Focaccia-ish with grapes and figs

I am telling the truth when I say that I have been trying to find the time to write a few recipes involving figs and grapes for an entire passing of seasons. And yes I do mean it’s been more than a year. . .

The thing is, a long time ago I had a Saturday market stall in Haarlem where I sold handmade Italian-inspired fresh pasta, focaccia, bread, tart, biscotti and a myriad of vegetable-focused dishes. Two creations from way back then have been on my recipe-writing-to-do list, namely, a fig honey-cinnamon crostata and fresh fig and pepper and rosemary focaccia.

Fast forward to many years later and the recipe I am about to share. Food and cooking are ever changing, a reflection of life itself, after all. Always in search of learning opportunities through the words of historians and food writers, I discovered the inspired work of @emikodavies  when reading her first book Florentine from front to back. This is where I first learned about the “schiacciata’all’uva”, the famous soft, pillowy Tuscan bread made with the purple grapes of the fall harvest.

I have made her beautiful recipe a number of times in a professional setting minus the Tuscan grapes, replacing them with local Dutch fruit instead. I’m happy to report the result has been well appreciated! Over time a personalized recipe has evolved, both a combination of my market day memories as well as inspiration from Emiko’s Florentine . . . a cookbook you simply must have in your collection!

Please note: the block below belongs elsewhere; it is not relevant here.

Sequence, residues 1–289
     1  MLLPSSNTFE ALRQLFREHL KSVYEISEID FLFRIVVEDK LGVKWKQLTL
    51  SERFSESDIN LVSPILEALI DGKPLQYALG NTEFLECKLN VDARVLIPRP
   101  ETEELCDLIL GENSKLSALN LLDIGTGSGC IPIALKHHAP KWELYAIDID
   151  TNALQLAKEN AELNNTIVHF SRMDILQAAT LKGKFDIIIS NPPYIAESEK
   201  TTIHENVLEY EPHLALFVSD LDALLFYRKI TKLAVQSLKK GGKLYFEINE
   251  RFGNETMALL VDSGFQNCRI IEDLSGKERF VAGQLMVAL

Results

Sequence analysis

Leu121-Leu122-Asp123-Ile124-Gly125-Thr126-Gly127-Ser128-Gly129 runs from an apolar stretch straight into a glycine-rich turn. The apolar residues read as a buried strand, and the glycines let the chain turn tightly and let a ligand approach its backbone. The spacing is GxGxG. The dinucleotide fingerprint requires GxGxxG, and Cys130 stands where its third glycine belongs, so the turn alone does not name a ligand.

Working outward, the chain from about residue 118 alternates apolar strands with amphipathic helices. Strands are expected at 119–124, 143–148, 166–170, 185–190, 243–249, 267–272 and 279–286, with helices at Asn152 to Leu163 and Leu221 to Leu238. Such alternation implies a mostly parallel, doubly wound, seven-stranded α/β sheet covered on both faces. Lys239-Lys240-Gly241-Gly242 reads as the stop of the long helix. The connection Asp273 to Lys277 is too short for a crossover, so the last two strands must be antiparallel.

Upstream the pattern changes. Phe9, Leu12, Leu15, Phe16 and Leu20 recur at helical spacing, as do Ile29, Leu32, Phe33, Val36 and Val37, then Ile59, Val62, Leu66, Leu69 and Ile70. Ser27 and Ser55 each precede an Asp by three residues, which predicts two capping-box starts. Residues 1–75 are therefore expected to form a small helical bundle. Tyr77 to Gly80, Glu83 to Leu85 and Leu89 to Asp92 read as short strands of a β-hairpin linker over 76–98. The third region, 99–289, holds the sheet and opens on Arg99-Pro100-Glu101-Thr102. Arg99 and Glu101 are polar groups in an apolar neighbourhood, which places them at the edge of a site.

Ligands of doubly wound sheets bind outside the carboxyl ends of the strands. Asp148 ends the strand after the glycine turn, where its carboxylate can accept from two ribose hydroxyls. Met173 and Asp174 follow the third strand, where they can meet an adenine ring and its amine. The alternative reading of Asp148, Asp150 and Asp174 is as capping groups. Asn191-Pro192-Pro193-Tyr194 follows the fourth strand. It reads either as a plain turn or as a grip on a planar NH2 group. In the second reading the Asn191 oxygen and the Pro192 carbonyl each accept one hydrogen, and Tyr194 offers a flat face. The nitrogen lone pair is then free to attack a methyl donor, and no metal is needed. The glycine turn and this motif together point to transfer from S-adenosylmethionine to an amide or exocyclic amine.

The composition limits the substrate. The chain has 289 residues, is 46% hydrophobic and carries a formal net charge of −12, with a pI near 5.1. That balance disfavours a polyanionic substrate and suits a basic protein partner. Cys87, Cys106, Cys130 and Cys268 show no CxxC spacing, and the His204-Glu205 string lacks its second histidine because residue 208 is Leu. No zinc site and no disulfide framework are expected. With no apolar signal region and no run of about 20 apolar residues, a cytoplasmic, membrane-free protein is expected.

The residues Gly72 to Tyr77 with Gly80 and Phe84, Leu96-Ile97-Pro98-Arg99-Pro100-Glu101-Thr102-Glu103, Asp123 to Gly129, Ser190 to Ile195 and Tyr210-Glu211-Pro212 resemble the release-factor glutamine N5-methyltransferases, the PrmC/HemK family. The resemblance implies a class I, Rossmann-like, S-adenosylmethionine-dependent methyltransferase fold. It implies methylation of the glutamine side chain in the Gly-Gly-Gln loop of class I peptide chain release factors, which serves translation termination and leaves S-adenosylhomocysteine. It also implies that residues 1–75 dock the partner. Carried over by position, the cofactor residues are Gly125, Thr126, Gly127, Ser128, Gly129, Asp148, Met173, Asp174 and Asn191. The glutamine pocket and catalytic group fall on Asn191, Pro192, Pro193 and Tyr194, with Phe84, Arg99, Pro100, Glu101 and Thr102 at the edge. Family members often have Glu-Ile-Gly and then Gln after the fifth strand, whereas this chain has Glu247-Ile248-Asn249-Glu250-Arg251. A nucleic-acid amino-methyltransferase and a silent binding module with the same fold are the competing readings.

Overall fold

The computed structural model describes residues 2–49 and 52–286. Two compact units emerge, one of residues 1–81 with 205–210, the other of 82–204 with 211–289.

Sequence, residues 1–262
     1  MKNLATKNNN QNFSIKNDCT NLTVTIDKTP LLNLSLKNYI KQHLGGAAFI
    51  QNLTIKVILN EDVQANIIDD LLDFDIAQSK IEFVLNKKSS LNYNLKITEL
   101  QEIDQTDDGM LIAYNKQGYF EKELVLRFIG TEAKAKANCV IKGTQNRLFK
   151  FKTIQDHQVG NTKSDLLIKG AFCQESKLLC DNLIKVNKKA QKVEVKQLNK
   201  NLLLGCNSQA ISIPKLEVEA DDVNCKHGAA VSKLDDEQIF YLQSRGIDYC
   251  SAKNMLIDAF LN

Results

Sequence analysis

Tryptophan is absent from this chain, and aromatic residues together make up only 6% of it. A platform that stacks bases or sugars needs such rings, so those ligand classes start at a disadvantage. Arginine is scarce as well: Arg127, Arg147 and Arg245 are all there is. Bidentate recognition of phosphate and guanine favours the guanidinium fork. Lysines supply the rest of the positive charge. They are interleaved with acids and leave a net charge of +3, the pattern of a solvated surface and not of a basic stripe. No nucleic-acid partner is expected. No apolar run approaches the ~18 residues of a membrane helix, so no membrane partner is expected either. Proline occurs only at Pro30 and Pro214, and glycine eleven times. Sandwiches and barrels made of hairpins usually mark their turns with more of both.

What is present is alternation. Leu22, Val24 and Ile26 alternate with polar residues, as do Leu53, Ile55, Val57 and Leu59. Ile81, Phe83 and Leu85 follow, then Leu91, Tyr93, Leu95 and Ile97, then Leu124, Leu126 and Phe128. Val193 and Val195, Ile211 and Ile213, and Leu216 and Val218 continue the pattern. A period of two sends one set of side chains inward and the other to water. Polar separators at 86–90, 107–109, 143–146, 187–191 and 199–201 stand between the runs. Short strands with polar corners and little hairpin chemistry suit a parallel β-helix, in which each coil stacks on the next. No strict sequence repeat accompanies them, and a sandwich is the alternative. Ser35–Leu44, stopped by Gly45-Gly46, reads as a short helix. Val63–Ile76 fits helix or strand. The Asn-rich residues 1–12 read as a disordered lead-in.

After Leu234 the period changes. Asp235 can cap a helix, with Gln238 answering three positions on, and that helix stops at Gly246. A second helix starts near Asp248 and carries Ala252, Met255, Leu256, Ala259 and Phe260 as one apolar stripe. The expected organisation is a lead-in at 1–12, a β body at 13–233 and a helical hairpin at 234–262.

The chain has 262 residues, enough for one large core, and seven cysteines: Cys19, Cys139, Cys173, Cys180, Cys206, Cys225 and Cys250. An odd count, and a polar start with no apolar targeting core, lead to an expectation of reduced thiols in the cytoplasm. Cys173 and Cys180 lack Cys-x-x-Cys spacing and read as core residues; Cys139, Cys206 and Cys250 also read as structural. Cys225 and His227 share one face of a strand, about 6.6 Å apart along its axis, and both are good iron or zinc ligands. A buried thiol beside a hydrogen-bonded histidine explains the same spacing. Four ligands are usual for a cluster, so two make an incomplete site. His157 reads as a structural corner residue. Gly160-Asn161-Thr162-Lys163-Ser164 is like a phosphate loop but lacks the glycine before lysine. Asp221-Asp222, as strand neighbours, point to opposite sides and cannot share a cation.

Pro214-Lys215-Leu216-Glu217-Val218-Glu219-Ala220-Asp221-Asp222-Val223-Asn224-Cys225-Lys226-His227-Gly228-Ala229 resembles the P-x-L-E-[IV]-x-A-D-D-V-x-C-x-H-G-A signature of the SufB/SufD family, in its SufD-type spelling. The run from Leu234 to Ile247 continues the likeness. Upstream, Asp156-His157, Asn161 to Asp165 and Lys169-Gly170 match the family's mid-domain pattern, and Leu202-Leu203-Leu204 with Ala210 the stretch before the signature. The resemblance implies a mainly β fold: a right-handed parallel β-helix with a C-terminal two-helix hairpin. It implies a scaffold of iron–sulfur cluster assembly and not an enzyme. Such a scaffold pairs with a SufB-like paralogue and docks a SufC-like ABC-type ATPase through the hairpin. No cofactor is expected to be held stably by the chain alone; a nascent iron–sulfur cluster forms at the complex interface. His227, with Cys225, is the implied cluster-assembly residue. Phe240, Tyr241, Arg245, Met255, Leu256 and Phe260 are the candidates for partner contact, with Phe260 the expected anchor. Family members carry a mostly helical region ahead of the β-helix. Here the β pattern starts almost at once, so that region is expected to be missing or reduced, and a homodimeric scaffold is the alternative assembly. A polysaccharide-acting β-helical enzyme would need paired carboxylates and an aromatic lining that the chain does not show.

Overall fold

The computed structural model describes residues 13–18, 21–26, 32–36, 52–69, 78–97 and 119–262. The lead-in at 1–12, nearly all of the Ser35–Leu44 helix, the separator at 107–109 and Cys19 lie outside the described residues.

Below, proof that I have finally put a recipe to rest in a wintery version of combined flavors and memories, where dried figs complement dark grapes and rosemary. Rather than sea salt, this particular focaccia involves a sugared topping!

Do try it to celebrate or or simply because it is delicious! Meanwhile, be well, be happy and enjoy the good life with your loved ones from the warmth of the kitchen table!


  • 500 grams of fine wheat flour . preferably local and organic
  • 4 grams dried yeast 
  • 375 ml warm water 
  • 25 ml extra virgin olive oil 
  • freshly chopped rosemary leaves 
  • from 2 full sprigs, roughly a full tablespoon
  • 1 teaspoon coarse black pepper 
  • 1/2 teaspoon pink pepper corns 
  • 1 teaspoon sea salt flakes 
  • the zest of one organic orange
  • 200 grams dried figs, sliced 
  • 400 grams local purple grapes

For the topping

  • 1-2 tablespoons local honey
  • 2 tablespoons extra virgin olive oil

Measure tepid water in a canister and add the dried yeast. Stir the two ingredients with a whisk until the yeast dissolves. Set it aside for a half an hour. Meanwhile sift the flour into a bowl large enough to allow you to add and mix the water-yeast mixture easily. Wash the grapes and remove their stems. Slice the dried figs, removing their stem first. Pick the rosemary leaves and chop the leaves coarsely with a sharp knife, making sure not to bruise the leaves. Scrub the orange under warm running water. Grate the peel with a zester. Measure the black pepper, crushed pink pepper corns, sea salt flakes, finely chopped rosemary and orange zest. Add the ingredients to the flour.

Prepare a ceramic or stainless steel bowl large enough to contain the rising dough by rubbing in the sides and bottom with 25ml extra virgin olive oil and set aside.

Now pour 25ml extra virgin olive oil into the water-yeast mixture with a whisk. Make a well at the bottom of the bowl filled with flour. Then pour the water into the well in a steady stream, while stirring it with your fingers or with a wooden spoon. Continue to stir the ingredients about five minutes until a loose, smooth dough is formed, keeping in mind that at this stage, it will be fairly wet and sticky. As it rises, it will become very light and fluffy and when the bread bakes, it will be lovely and soft.